My head is slightly less fuzzy now and I’m almost back on UK time so I thought it would be a good opportunity to give a quick review of how the Add-ons Manager session I ran at the summit went. I won’t go into too much detail, just a look at the main points of discussion and how I felt the room reacted to the ideas. You can also see the slides I prepared or the notes that Basil kindly took for me without me needing to remember to ask. Most of the session was about things we might want to implement and what problems/benefits we might encounter.
Add-on locale packs
The idea of developing the UI for locale packs specific to extensions received a less enthusiastic response than I had expected. This may have been because there were more add-on developers and less localisers in the room, but the general feeling seemed to be that there was not a large benefit and the potential complications, particularly around updating, could cause some large problems.
The current add-on dependency implementation is a very rough start. Being able to automatically find and install dependant add-ons for the user, with clear UI to show what is happening, seemed to be something that didn’t have many downsides. There were also suggestions that AMO could handle dependencies and deliver sets of add-ons as multi-xpi packages, though this could cause issues in upgrades.
The moment I mentioned the suggestion of a system to mark two add-ons as incompatible with each other half the room said they wanted it. It was pointed out that some add-ons were already disabling things they don’t like on install (if you hear of that happening without appropriate warning please let us know). It was also quickly realised that under the author’s control it could just become a means to avoid having to work to fix incompatibilities and to disable the competition. The suggestion of Mozilla maintaining a central list of incompatibilities seemed like a good way to go.
Install without restart
No surprise that this was seen as useful, particularly in non-Firefox applications that don’t have the wonder of session restore. We also started talking about the potential for lower impact extensions that just had a small sandbox to work in with a little piece of UI which could make loading and unloading dynamically far easier.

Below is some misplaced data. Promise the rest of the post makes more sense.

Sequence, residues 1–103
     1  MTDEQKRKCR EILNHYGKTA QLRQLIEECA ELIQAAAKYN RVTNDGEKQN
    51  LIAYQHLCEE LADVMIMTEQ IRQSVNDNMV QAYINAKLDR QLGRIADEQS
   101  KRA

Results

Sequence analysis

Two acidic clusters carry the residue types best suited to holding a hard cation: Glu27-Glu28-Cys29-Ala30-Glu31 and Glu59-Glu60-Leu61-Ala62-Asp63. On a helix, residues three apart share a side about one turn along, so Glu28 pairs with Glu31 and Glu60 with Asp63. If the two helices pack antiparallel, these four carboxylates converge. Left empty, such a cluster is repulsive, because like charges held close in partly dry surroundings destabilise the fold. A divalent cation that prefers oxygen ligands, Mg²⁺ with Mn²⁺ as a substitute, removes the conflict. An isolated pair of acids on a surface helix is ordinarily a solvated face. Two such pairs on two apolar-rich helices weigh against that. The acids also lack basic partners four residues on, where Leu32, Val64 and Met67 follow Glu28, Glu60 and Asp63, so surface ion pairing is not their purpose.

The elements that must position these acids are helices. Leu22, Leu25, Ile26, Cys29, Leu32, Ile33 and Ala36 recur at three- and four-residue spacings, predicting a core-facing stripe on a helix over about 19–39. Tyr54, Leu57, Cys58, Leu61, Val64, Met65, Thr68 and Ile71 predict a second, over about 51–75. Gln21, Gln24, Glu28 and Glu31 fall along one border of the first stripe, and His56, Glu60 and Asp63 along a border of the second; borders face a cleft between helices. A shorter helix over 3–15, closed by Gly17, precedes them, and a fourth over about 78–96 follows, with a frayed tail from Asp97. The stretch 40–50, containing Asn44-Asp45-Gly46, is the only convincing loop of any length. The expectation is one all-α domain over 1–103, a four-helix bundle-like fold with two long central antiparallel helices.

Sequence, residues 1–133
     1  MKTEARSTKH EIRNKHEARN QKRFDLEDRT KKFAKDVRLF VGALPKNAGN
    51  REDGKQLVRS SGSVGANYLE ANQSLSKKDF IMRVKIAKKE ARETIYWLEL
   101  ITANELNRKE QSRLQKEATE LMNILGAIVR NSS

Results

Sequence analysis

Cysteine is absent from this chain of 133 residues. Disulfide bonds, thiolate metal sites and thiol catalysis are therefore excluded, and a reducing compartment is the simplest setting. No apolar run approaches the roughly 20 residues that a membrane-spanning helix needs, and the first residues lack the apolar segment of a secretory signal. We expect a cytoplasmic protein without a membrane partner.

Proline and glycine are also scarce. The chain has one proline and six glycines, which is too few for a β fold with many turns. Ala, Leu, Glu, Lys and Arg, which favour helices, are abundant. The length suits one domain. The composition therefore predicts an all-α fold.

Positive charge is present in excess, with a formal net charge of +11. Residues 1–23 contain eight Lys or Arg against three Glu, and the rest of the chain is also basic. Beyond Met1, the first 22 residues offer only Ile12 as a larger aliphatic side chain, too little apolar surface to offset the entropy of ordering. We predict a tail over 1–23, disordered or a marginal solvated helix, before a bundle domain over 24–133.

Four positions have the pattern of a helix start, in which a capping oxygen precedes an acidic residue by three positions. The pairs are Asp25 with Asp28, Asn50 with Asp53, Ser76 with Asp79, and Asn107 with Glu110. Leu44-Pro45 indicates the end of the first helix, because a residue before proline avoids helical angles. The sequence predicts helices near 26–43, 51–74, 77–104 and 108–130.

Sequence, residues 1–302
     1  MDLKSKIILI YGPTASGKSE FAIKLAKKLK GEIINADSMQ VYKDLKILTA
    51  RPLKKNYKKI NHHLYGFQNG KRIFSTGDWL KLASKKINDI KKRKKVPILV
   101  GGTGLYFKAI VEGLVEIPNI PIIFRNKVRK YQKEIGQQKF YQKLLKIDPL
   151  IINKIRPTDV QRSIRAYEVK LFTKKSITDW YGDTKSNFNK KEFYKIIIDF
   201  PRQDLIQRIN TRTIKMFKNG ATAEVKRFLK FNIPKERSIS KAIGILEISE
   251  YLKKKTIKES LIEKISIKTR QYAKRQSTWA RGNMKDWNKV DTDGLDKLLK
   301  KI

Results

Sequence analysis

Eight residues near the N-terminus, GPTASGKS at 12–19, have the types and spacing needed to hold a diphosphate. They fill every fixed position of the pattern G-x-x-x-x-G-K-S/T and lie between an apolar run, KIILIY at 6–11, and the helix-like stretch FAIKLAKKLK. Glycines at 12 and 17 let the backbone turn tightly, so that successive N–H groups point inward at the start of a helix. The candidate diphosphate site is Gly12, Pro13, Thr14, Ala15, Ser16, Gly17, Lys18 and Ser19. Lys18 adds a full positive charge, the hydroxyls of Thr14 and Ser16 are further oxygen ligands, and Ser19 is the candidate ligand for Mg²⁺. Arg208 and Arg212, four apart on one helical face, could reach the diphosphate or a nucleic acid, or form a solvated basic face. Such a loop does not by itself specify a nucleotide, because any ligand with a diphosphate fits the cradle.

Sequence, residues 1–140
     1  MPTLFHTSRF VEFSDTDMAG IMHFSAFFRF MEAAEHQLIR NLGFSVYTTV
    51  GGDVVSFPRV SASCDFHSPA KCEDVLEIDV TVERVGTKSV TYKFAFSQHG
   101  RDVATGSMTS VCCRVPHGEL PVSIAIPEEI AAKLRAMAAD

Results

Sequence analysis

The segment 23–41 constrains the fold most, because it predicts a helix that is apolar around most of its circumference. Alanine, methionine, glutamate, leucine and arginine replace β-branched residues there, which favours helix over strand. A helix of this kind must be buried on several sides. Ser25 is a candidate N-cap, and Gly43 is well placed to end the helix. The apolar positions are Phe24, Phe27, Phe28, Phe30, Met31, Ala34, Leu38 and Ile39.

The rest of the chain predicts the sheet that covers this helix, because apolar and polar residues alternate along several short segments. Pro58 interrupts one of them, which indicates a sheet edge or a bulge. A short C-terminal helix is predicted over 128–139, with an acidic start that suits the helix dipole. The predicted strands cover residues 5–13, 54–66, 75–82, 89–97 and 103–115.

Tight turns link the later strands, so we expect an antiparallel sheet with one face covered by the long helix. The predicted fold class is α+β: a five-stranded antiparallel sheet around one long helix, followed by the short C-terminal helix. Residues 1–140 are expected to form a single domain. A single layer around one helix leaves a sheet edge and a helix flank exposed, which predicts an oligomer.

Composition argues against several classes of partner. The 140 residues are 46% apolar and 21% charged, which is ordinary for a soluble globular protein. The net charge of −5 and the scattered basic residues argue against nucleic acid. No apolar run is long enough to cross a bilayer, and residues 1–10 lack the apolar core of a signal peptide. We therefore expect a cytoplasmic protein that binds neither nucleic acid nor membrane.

We discussed how the current mechanisms for running setup and cleanup code for extensions were poor, there is no way to deal properly with uninstall in all situations. It was felt that add-ons should be able to provide a full uninstall script that would even run if uninstalled when disabled or in safe mode, but would not run if the add-on had been blocklisted. We also talked a little about sandboxing what this script might be able to access.
I was surprised that there seemed little to no resistance to the prospect of introducing a new plainer XML form for install.rdf and update.rdf given some of the comments I had when I blogged about it last. We would of course still support the old forms for a time and make converters between the forms available. There didn’t appear to be any benefit in using JSON instead of XML.
Much of the rest of the slides were skimmed over as we had unfortunately run out of time by this point, but thankfully that was most of the more important stuff completed anyway. For the immediate future I think introducing replacements for RDF into Firefox 3.1 is potentially on the cards. None of the other items were ruled out, far from it, though the locale packs seemed less interesting to everyone, and I think there needs to be some very careful thought about the prospect of running an uninstall hook for an add-on in safe mode or when disabled.